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        • #5
          Pretty much what the others have said. Everthing you have there will just be generic steel scrap. Don't waste your time separating it.

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          • #6
            Originally posted by Black_Moons
            One of my friends keeps on going on about the 'thousands of dollars' he will get from scraping his RV because its skin is made out of 'Aircraft aluminum' (its some very old Revcon)

            I keep telling him, After you get a quote from the scrap yard, bring it to me and i'll likey beat it. I doubt his RV is worth more then a grand as scrap!
            Less than that if he leaves so much as ONE steel bolt or rivet in it....... A neighbor of my father-in-law found that out..... He helped scrap an aluminum truck body with my FIL and got half the scrap material for doing it. He got about 1/4 the money for his scrap, due to leaving some fasteners in place.....
            1601

            Keep eye on ball.
            Hashim Khan

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            • #7
              Ah, guess that was a wasted afternoon then....

              On the upside, I found a couple things in the pile that I'd rather keep than scrap (rainproof enclosure boxes, fireproof oily rag containers, etc), plus a bunch of stainless that was added to the pile before I realized there was stainless hiding in the workshop. And it was a good workout, so perhaps not a wasted afternoon.

              Anyway, didn't know scrappers would give out price sheets; will stop by and get one. Only experience I have is with the place around the corner which barely tolerates non-commercial folk and pays $5 per cwt regardless of what it is. Place I'm looking at going instead (which is where the machine shop I ran ages ago sent their stuff) is a bit of a drive but from talking on the phone seems they'll pay at least double that and might have a grading system more than ferrous/nonferrous.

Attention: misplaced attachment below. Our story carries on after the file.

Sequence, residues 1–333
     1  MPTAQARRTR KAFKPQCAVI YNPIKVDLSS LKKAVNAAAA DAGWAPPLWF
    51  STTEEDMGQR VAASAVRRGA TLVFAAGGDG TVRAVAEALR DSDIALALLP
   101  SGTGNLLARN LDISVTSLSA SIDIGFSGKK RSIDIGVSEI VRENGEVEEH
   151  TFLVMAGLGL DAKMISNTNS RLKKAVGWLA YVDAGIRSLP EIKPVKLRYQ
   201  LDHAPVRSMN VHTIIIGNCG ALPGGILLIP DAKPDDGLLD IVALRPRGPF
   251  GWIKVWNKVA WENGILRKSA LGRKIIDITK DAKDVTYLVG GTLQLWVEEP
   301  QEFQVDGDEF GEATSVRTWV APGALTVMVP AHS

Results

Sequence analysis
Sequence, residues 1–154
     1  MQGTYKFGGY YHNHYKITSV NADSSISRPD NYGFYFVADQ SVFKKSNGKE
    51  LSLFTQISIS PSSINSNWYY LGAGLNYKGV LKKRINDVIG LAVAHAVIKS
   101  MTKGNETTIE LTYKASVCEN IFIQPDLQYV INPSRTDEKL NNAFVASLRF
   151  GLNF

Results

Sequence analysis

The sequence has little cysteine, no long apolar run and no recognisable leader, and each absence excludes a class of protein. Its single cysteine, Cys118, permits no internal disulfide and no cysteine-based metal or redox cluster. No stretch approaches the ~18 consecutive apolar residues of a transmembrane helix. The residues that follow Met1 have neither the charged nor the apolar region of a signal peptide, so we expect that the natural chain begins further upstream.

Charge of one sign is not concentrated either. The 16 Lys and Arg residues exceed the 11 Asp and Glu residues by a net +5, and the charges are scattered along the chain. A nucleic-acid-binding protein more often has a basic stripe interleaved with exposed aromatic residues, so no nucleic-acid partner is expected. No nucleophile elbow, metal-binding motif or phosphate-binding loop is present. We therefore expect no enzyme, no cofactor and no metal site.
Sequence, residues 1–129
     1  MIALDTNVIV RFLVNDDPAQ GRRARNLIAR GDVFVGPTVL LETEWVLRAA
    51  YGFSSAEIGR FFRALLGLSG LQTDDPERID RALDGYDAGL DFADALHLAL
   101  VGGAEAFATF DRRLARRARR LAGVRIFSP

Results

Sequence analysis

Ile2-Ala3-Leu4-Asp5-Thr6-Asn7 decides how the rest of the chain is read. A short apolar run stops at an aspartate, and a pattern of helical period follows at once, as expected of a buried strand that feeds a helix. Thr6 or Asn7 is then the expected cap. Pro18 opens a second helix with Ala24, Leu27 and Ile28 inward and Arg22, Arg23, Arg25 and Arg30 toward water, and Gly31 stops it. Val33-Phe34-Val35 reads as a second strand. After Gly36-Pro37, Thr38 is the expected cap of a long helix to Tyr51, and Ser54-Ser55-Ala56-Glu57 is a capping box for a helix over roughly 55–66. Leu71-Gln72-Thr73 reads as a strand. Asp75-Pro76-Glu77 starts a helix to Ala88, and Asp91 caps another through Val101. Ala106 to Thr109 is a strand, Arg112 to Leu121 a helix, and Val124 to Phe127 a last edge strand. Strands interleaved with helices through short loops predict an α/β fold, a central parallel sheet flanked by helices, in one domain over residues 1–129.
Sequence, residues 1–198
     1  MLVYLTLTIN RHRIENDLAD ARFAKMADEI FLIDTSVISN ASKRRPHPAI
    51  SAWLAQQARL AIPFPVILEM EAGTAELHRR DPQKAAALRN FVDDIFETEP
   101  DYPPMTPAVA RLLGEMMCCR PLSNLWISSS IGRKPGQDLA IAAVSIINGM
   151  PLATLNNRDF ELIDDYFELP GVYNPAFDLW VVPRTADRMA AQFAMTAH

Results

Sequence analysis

Thanks!

              -aric.

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              • #8
                Just for reference. Here are the items on my price sheet.

                NO. 1 Cast
                Alum Breakage
                Alum cast and sheet
                Painted alum siding
                Alum pistons with iron
                Alum transmission
                URD Alum cable
                Whole auto batteries
                Brass breakage
                Elec. brass (clean)
                Brass meters
                Car bodies
                Red brass
                Yellow Brass
                Brass turnings
                No. 1 copper
                No. 2 copper
                #1 ins. copper
                #2 ins. copper
                Sheet copper
                Oversize and unprepared cast
                #1 weather proof
                Die cast Breakage
                Clean die cast
                Unstripped motor blocks
                Elec. motors
                Sealed electric motors
                Soft lead
                Lead wheel weights
                No.2 3' x 18" steel
                Radiators
                Heater cores rad.
                Stove cast free of soil pipe
                Soil pipe
                Stainless steel
                Stainless steel breakage
                Tin & wire free of white goods
                Unprepared shear iron
                Unprepared torch iron